Stan Lepeak, VP for META Group, had some compelling insights regarding regulatory compliance in a session at the META conference titled: "Compliance, Law, and Disorder." Although, as he explains, "IT isn’t mentioned in [Sarbanes-Oxley] anywhere, IT plays a pivotal role in there. It’s a concept-based list of regulations… There is no list of what you should do. There is a list of what you should have as output, but no way to tell you how to get there."
Mr. Lepeak lists eight areas that compose the "compliance landscape": Sarbanes-Oxley (SOX), which oversees fiscal accountability for public companies; Gramm-Leach Bliley Act (GLBA), which concerns privacy of financial information; SEC Rules 17a-3 and 17a-4, involving the retaining of records related to securities and transactions; HIPAA, or the Health Insurance Portability and Accountability Act, which addresses the right to carry insurance between jobs and preserves the privacy of patient information; Basel II, covering the capital assessment and reporting standards for global banking; the USA Patriot Act, which touches on customer documentation (and library records!); DoD 5015.2 and UK Pro, addressing federal standards of records management; and NASD 3110, which regulates written policies and procedures for review of correspondence with the public. (Whew! It's enough to make a business person consider moving operations to the Antarctica.)
Slightly more than a fifth of managers and executives surveyed by META said that they're more likely to outsource IT as a result of SOX compliance (which is only slightly higher than those who reported it would make their organizations less likely to outsource). Yet, even if the IT service is outsourced, the executives of the audited company will still be held responsible for audit results. For example, SXO doesn't differentiate between insourced and outsourced processes. Of course, as Mr. Lepeak explains, nobody knows how companies will be held accountable, since the auditing hasn't really started yet. "Even when the clarification comes, it’s not going to be, you have to do a-b-c… It’s very much open to interpretation: 'Go out and do it, but we’re not going to tell you how to do it.'"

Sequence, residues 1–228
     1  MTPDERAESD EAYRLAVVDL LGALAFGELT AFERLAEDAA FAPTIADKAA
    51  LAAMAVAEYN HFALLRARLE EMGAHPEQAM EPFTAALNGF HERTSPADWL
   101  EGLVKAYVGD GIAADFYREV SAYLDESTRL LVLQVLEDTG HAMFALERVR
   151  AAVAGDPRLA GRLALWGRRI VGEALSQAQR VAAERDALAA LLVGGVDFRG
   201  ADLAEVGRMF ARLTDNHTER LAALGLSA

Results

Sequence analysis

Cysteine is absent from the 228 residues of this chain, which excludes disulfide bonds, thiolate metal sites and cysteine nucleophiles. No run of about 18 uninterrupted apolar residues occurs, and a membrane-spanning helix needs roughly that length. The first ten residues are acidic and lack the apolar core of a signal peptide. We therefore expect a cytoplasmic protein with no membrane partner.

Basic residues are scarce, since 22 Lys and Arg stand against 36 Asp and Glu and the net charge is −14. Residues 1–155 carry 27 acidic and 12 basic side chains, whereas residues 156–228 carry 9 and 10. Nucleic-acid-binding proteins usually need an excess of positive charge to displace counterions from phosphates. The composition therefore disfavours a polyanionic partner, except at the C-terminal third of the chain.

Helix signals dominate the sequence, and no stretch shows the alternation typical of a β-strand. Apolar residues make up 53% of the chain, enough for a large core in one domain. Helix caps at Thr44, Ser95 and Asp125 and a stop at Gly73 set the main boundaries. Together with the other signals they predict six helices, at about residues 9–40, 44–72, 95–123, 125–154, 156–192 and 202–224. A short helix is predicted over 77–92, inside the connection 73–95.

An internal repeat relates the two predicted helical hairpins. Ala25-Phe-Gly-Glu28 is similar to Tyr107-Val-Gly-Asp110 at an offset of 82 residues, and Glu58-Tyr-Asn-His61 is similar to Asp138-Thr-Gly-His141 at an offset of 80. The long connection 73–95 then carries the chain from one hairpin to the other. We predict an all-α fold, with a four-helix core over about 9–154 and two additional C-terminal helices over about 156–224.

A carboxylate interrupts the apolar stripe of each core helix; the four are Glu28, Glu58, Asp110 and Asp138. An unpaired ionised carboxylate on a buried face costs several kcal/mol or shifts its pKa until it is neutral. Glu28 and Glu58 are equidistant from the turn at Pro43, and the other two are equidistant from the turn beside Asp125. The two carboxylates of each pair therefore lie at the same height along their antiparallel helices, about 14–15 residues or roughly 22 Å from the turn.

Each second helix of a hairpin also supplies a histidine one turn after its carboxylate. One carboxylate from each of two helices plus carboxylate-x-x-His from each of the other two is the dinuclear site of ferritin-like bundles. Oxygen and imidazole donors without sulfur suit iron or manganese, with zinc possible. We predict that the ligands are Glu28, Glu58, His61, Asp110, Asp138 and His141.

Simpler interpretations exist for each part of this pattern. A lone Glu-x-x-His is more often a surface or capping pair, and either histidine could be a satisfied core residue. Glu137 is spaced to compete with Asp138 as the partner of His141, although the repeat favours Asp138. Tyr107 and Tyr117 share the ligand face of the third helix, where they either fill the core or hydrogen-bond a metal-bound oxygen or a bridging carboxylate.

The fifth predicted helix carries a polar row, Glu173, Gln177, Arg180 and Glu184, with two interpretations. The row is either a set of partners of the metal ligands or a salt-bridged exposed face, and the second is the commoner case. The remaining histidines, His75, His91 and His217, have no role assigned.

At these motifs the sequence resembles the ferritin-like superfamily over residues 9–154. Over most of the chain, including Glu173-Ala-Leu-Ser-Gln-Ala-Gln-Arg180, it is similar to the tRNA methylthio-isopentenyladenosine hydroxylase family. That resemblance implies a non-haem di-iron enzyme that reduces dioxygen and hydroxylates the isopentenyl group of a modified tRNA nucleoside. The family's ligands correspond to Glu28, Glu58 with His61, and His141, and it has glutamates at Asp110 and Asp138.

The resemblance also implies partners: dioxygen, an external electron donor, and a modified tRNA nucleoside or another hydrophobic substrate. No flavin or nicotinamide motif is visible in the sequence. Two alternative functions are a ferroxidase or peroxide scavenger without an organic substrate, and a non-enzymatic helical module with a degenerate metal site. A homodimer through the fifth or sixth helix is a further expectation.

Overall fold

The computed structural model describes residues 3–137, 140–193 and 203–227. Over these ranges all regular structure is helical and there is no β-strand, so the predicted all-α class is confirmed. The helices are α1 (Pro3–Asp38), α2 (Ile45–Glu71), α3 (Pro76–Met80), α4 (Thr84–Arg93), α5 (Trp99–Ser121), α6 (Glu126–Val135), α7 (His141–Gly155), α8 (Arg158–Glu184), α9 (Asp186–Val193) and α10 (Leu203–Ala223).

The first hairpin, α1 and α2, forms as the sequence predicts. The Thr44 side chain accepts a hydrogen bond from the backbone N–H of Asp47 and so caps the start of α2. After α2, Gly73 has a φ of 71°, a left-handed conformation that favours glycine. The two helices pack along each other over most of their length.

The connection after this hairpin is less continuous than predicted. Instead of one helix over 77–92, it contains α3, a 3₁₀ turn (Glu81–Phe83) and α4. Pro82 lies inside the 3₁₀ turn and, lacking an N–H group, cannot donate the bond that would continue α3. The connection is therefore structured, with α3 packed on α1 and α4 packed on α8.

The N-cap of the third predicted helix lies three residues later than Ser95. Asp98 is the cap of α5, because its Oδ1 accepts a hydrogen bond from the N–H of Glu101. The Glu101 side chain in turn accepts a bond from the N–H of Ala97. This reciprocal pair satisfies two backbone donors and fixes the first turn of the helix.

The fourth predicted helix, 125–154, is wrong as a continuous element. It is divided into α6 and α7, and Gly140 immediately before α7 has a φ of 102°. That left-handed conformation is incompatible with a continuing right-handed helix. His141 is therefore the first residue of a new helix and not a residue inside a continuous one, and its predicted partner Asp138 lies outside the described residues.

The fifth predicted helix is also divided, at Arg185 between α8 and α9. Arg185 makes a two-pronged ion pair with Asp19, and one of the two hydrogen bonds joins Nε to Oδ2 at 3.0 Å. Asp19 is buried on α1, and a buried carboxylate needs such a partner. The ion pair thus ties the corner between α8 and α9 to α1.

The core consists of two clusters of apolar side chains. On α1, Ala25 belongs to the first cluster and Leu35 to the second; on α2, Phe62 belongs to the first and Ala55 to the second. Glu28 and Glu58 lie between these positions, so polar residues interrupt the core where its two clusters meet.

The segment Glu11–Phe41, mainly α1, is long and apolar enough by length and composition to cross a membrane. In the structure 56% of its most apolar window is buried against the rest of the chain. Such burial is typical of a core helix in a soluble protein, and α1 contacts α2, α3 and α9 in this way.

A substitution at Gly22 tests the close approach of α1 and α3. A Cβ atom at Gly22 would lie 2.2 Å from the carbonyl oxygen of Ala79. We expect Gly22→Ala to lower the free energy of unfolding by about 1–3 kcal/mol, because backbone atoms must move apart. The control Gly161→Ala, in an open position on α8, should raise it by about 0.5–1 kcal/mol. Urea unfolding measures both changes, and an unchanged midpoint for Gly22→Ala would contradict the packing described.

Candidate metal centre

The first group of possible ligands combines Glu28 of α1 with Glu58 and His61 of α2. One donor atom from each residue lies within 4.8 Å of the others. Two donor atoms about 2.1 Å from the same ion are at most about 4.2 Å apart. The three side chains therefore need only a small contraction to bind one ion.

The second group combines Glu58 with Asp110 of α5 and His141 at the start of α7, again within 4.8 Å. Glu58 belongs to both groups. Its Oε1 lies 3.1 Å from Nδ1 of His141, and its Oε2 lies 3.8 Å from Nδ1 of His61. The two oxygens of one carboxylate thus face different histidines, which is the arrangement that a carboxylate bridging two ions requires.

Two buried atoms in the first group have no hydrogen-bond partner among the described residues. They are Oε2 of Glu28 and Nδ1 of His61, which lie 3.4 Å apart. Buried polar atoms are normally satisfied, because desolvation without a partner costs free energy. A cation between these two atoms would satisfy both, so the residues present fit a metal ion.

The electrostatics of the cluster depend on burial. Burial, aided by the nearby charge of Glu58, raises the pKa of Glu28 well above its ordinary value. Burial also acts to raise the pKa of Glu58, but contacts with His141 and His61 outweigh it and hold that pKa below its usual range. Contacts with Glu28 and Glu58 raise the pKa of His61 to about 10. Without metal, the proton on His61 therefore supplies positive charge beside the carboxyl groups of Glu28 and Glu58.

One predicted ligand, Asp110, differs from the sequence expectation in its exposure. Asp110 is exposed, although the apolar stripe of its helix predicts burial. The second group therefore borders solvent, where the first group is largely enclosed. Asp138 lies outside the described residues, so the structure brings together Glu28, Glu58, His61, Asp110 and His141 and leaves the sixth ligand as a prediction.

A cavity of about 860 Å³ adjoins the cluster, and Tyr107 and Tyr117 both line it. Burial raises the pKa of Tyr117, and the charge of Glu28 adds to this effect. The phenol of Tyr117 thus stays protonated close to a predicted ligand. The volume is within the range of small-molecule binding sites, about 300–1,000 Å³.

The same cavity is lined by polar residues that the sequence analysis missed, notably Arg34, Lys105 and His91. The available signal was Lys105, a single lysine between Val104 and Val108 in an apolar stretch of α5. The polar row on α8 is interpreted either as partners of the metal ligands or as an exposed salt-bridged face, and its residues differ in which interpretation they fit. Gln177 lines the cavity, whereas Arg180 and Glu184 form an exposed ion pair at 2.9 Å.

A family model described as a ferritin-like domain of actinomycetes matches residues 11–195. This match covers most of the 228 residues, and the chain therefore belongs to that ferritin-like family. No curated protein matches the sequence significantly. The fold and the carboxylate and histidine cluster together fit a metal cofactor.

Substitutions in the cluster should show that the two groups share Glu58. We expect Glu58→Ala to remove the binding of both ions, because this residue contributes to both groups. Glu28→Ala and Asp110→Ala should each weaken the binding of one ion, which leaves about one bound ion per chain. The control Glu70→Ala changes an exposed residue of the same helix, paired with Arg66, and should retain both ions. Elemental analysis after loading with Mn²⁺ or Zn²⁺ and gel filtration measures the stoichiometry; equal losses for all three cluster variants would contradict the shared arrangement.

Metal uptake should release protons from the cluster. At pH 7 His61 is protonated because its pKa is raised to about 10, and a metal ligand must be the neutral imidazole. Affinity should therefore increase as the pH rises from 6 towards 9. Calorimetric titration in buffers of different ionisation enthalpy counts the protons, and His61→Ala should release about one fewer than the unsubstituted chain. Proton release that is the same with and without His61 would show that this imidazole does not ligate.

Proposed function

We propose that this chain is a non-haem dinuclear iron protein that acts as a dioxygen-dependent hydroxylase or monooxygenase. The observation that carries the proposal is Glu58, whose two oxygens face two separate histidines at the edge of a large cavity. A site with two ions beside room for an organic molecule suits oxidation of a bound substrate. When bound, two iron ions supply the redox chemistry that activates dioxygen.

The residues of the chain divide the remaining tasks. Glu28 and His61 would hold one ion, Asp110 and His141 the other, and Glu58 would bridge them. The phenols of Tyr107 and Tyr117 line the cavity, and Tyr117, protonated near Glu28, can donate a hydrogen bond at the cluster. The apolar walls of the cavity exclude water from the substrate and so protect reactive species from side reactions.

If you're using offshore services, be wary. As Mr. Lepeak points out, "How can you ensure that privacy and adequate controls are in place? How can you ensure that wherever those bits and bytes land, the controls are in place? In many countries there is no reason to adhere to these regulations. They’re primarily US or European regulations."
Another area of concern: Companies are more accustomed to managing "pencils" than services, as Mr. Lepeak states. If you look at the maturity of most organizations in getting a handle on their IT services management, in your gut, you know this must be true. Most IT organizations operate at a level just slightly above chaotic.
One clue to you that the service provider you're working with isn't compliance-savvy: They refuse to go through an audit of their own.
In the future, I'll post an interview I did with Mr. Lepeak during the conference, in which he offers specific advice for public companies with compliance concerns that need to choose a service provider.